You don't have to be a vacationer to fall for some travel scams: Internet Scambusters #599
It's vacation season and travel scam artists already have a new set of tricks lined up for you.
This week we have the lowdown on five new tricks -- bogus distress calls, phony hotel Internet access, overpriced pedicabs, ATM distraction gangs, and drug-infused luggage prizes.
Plus, we have a warning for soccer fans planning to visit or watch the World Cup games in Brazil.
Now, here we go...
5 New Travel Scams
Reporting on travel scams has sadly become an annual ritual for the Scambusters team.
Every year, crooks come up with a new set of tricks to supplement the old and this year is no exception.
So if you're planning to travel this vacation season, or you know someone who is, watch out for these latest scams -- and be warned that they don't all apply just to travelers, as our first item shows.
New Distress Call Trick
We often caution readers against announcing vacations because of the risk burglars will strike while they're away.
But this year there's a new twist and it's a cunning variation of the distressed call or grandparent scam.
Crooks comb through Facebook looking for details of people's travel plans.
Then they identify friends of the vacationer and contact them by phone or email, posing as the traveler, claiming to be in trouble and in urgent need of money.
This is much more convincing than the regular grandparent scam because the crook already knows both the name of the person they're impersonating, their relationship with the traveler and where they are supposed to be vacationing, so the call can seem quite genuine.
Acton: What gives this trick and so many others away is that the crook always asks for money to be wired or a prepaid debit card to be used.
That's a red flag. But if you have reason to think it may be genuine, invent the name of a relative who might be with them and ask how they're doing.
Finally, ask for full address and contact details and check them out independently. For example, ask where they're staying, then get the accommodation phone number from the Internet and try to call them.
There's an outside chance that a friend or relative might be in trouble and need money but it's highly unlikely.
Hotel Internet Scam
If your vacation plans include a hotel stay, make sure you know and fully understand their Internet access package.
Mostly, these days, Wi-Fi access is free but a few hotels still make a charge, especially in Mexico and some overseas destinations.
But the real problem -- and this has happened in several places in the US -- is when a hacker creates a fake network that looks identical to the hotel's own setup.
When victims log on to the bogus network, they're told they have to pay and are asked for their credit card details.
So they're at double risk -- first of being ripped off and second of having their card details used for identity theft.
Action: If you're asked for your card details when you try to access the Internet in a hotel, it's likely a scam because the hotel probably already has these.
If you're in doubt and you haven't already checked, stop what you're doing and contact the front desk for details of the payment arrangements.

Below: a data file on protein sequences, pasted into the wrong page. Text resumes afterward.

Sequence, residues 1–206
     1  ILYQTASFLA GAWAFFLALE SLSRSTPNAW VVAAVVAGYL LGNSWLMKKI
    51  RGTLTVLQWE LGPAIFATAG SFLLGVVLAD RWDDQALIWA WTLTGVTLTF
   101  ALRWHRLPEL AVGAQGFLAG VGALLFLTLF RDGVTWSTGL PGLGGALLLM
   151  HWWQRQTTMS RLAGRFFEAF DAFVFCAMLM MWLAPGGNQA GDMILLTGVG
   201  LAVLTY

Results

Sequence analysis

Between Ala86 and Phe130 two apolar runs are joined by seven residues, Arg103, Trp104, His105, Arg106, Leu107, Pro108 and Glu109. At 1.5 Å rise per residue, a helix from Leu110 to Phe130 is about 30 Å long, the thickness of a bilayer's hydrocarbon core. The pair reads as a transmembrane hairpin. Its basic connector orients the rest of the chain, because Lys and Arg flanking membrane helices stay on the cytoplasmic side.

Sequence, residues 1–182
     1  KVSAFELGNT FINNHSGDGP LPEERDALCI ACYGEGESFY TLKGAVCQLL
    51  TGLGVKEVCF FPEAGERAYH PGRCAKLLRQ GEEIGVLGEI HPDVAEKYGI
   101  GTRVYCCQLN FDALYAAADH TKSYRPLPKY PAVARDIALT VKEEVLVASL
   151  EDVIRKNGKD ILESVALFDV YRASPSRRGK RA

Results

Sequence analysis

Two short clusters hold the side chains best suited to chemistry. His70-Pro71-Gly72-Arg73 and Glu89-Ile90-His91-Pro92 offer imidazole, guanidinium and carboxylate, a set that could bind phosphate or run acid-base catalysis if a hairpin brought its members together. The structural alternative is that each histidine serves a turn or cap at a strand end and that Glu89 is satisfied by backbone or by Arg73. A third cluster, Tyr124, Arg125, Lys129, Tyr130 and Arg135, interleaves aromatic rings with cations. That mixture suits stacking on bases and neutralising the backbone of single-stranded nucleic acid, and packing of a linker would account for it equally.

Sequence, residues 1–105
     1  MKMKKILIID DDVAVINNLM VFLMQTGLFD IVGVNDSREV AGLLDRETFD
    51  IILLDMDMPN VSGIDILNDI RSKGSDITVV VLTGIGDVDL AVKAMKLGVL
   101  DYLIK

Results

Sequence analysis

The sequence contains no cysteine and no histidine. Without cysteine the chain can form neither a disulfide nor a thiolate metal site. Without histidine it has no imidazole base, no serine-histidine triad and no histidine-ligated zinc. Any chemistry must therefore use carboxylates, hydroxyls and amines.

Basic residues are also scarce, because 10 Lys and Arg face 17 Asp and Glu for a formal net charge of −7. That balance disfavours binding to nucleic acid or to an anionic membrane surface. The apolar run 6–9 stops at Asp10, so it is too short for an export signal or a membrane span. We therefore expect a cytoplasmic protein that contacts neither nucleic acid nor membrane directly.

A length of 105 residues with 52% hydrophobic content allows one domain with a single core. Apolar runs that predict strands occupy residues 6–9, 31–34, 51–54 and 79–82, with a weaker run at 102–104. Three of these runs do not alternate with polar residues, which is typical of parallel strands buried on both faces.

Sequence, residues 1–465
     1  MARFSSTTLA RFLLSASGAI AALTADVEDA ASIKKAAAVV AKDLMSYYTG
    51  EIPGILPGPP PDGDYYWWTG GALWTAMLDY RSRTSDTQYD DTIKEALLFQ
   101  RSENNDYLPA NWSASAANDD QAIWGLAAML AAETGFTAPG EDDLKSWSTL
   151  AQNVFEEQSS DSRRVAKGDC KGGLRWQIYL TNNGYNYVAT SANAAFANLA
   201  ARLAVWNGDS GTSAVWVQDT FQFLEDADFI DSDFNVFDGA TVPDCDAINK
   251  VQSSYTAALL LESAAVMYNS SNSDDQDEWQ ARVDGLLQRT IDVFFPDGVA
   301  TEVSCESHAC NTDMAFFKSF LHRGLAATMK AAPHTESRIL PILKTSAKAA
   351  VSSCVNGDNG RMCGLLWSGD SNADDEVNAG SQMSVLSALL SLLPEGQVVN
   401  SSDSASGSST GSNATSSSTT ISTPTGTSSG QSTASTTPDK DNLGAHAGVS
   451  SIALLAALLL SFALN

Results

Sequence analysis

In some countries, including the US, pedicabs -- cycle-powered "rickshaws" -- are not as heavily regulated in the way that taxis are. They don't have meters, so, if you don't get a fare quote before you set out, you could easily be ripped off.
For example, the New York Post recently reported that a couple of tourists were charged $720 for a 20-minute ride.
The newspaper said that card-readers plugged into smartphones make it possible for drivers to accept credit cards, meaning that victims who are short of cash or don't understand the currency conversion are easier to trick.
Action: Ask the fare before you set off and, if you're abroad, make sure you know how much that is in dollars.
We advise that you should pay in cash anyway. Why would you want to give your card details to a "driver" you don't know?
ATM Distraction Gangs
We've written many times about the way crooks try to distract your attention while an accomplice steals your wallet.
But alarm is growing in some European destinations, notably Paris, France, of gangs who lurk at ATMs (or cashpoints as they're often called in Europe).
There might be five, six or even more, usually teenagers.
As the victim tries to withdraw cash, they all start tapping or talking to him/her. Eventually, they turn to pushing and jostling, during which time the money is grabbed either from the ATM or the victim's hands.
Action: Try to avoid using an ATM alone. Have someone else stand by to keep watch.
If not, try to use an ATM inside a bank -- and always keep your eyes peeled for groups of people milling around.
Drug smugglers have hit on a great way of tricking innocent travelers into "mules," transporting their illicit products.
They organize a competition in which the prize is two air tickets and a luggage set.
Then they conceal drugs in the suitcase linings and arrange for the suitcases to be "lifted" at the destination airport or hotel.
It's risky, since the winners might not use the new luggage, but incidents have been reported -- most recently in a shipment between Australia and Canada that was discovered by the winners themselves.
Their "prize" contained 3-½ kilos of methamphetamine.
Action: You have been warned!
Alert of the Week: If you're a soccer fan, beware of bogus ticket, travel package and sweepstake scams associated with the World Cup in Brazil, which runs from June 12 through July 13. Use only official sources and sites, starting with the organizing body -- Federation Internationale de Football Association (FIFA).
That's it for today -- we hope you enjoy your week!